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Poster - Molecular static and dynamic analyses reveal flaw in murine model used by US FDA to detect drug carcinogenicity

Type: Abstract presentation
Presented by: Trevor Marshall, PhD
Conference: Days of Molecular Medicine 2007
Location: Harvard University
Date: 2007
Additional content: poster; video showing difference in steady-state ligand conformation between rat and human VDR

Abstract

The US FDA currently accepts carcinogenicity studies of pharmaceutical drugs based on murine models. In addition to 6 month studies with p53(+/-) and ras.H2 transgenic mice, lifetime studies (typically 2 years) in WT mice or rats are also considered as evidence that a drug lacks carcinogenic activity. This model is not always exhaustive. For example, during the acceptance testing of the ARBA drug which is an angiotensin receptor blocker. One of the ARBs is olmesartan (Benicar). Not all ARBs activate the Vitamin D Receptor. OlmesartanMedication taken regularly by patients on the Marshall Protocol for its ability to activate the Vitamin D Receptor. Also known by the trade name Benicar. 1), possible carcinogenicity observed in hamsters was not able to be duplicated in rats, or in transgenic mice. We have previously used the static molecular modeling of AutoDock to demonstrate that Olmesartan has agonostic activity in the PDB:1DB1 model of the human VDRThe Vitamin D Receptor. A nuclear receptor located throughout the body that plays a key role in the innate immune response. Nuclear ReceptorIntracellular receptor proteins that bind to hydrophobic signal molecules (such as steroid and thyroid hormones) or intracellular metabolites and are thus activated to bind to specific DNA sequences which affects transcription.2), while it has antagonistic activity in the PDB:1RK3 model of the rat VDR. This agonism has now been confirmed with Molecular Dynamics, using GROMACS. The murine VDR indeed lost its ability to bind the DRIP 205 co activator when Olmesartan was the ligand, while the human VDR was activated by Olmesartan similarly to its native ligand (1,25-dihydroxyvitamin-D). Since the VDR is believed to express 913 genes3) This video was created using the GROMACS Molecular Dynamics software on a small computing cluster assembled from PCs based on Core-2-duo CPU technologies. The difference in steady-state ligand conformation between human and rat VDR can clearly be seen at http://autoimmunityresearch.org/dmm2007/dmm2007.ram, many of which are known to be associated with cancer pathogenesis, good homology between human VDR, and the animal model VDR, is exceedingly important.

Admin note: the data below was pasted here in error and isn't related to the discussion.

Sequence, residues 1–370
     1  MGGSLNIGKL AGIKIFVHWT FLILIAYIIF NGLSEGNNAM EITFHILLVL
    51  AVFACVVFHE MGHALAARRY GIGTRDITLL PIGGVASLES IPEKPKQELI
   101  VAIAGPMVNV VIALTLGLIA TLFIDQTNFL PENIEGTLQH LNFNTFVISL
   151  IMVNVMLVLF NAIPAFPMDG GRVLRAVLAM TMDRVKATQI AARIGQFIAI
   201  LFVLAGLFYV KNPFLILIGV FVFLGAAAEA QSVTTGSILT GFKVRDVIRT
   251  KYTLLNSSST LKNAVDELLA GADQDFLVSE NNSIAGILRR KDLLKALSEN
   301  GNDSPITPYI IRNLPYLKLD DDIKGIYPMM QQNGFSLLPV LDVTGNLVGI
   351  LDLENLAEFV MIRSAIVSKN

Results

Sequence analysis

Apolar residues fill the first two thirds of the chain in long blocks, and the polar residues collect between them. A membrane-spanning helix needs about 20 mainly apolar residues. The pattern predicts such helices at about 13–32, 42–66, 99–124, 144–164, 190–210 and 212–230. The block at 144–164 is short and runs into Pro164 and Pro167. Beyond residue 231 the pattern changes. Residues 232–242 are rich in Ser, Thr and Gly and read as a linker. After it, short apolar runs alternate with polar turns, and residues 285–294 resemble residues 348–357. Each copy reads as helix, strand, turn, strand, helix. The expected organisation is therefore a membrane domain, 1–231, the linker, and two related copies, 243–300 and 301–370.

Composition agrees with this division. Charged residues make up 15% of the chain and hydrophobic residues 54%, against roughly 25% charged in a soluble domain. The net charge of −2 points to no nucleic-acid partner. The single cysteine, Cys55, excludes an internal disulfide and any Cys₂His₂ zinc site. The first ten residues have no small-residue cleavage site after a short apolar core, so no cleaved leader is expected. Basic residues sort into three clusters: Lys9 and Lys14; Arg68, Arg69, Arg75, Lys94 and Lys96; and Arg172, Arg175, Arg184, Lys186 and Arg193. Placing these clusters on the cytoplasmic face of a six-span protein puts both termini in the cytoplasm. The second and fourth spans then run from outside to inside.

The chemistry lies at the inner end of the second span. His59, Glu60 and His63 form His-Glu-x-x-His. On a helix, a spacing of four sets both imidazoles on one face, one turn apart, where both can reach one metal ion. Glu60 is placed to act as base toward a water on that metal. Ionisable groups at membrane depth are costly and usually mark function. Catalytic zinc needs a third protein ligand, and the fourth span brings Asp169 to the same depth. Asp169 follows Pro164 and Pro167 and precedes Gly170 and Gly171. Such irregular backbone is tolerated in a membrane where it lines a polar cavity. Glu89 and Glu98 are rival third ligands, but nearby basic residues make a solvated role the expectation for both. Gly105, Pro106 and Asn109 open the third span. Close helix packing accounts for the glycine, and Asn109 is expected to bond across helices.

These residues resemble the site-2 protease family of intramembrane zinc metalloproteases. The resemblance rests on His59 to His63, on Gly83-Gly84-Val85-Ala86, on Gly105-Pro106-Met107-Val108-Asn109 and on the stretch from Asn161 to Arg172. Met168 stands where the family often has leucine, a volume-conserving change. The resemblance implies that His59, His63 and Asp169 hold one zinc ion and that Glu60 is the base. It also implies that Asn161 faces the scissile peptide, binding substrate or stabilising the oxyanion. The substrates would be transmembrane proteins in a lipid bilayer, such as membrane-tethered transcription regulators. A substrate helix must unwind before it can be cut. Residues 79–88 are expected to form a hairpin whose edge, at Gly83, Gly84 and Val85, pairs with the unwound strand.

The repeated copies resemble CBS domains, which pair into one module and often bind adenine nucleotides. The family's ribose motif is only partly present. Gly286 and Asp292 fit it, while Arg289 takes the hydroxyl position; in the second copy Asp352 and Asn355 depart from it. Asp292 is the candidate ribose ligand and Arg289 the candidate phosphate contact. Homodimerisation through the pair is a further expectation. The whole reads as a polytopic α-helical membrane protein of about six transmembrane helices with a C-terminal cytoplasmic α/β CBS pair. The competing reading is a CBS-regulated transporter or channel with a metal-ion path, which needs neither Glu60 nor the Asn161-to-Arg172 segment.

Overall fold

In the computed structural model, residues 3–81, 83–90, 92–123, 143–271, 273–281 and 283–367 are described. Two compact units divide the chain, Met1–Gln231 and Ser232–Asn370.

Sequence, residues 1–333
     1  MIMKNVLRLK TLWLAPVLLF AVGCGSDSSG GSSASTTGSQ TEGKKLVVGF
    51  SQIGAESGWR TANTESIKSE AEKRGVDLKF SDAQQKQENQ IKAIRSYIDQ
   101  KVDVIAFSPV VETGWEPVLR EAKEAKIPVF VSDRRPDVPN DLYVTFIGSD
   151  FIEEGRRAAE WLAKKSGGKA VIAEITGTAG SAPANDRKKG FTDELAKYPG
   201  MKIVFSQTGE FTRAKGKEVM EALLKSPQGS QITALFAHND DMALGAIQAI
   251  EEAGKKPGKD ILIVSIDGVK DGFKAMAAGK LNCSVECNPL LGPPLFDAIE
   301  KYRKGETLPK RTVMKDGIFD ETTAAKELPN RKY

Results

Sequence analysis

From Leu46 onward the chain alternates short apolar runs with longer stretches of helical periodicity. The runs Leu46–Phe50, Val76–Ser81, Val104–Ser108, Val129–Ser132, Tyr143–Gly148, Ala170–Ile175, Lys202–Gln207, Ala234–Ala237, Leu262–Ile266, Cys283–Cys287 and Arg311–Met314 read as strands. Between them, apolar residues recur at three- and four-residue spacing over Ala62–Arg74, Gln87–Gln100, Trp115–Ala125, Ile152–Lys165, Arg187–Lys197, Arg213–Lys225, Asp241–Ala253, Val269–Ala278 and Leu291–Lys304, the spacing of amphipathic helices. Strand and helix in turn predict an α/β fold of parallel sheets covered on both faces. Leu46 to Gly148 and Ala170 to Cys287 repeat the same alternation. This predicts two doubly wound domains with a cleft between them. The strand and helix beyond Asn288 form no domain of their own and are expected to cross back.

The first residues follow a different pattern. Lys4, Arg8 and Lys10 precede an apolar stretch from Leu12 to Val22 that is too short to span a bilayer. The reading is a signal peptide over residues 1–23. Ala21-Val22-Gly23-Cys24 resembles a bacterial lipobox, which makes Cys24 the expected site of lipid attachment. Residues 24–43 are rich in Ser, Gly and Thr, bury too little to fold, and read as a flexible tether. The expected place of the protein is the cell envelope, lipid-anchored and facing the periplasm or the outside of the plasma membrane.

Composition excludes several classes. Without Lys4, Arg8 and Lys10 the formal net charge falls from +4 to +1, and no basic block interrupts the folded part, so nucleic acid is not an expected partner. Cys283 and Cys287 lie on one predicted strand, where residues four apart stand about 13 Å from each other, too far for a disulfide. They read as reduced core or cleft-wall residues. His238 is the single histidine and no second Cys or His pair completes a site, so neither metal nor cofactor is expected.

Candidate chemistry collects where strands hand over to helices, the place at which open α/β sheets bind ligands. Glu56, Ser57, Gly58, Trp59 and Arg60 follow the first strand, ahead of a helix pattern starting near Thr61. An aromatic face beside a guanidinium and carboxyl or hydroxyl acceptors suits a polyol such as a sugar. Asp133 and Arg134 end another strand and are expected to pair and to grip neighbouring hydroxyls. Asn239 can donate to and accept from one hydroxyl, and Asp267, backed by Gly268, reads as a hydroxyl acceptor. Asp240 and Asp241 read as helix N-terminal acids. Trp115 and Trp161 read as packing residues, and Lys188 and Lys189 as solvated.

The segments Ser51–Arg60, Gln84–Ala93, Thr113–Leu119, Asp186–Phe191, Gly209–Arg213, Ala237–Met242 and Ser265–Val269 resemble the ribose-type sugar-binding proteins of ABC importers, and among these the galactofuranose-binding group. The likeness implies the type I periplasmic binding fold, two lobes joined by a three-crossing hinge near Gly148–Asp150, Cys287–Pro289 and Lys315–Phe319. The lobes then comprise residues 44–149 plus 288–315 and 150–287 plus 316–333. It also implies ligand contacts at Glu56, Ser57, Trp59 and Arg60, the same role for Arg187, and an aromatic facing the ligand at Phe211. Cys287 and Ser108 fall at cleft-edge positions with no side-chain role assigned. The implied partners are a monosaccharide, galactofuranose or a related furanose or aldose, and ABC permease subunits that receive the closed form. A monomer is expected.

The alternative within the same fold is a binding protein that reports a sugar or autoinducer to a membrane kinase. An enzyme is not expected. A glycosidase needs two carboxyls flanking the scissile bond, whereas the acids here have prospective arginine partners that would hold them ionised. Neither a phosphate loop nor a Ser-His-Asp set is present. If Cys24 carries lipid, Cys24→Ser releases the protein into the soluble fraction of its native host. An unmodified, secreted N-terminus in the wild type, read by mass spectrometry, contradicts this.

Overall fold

Conclusion

The murine environment is inadequate to accurately model drug carcinogenic activity in humans. A species should be chosen which has a VDR LBP homology closer to that of man. AutoDock and GROMACS molecular analyses are useful in resolving any remaining anomalies in the observed data.

References

1)
FDA CDER: NDA-21-286, Sankyo Pharma Inc Available from URL http://www.fda.gov/cder/foi/nda/2002/21-286_Benicar.htm
2)
Marshall TG: VDR Nuclear Receptor Competence is the Key to Recovery from Chronic Inflammatory and Autoimmune Disease. Abstract presentation, DMM2006.
3)
Large-scale in silico and microarray-based identification of direct 1,25-dihydroxyvitamin D3 target genes.
Wang TT, Tavera-Mendoza LE, Laperriere D, Libby E, MacLeod NB, Nagai Y, Bourdeau V, Konstorum A, Lallemant B, Zhang R, Mader S, White JH
Mol Endocrinol19p2685-95(2005 Nov)
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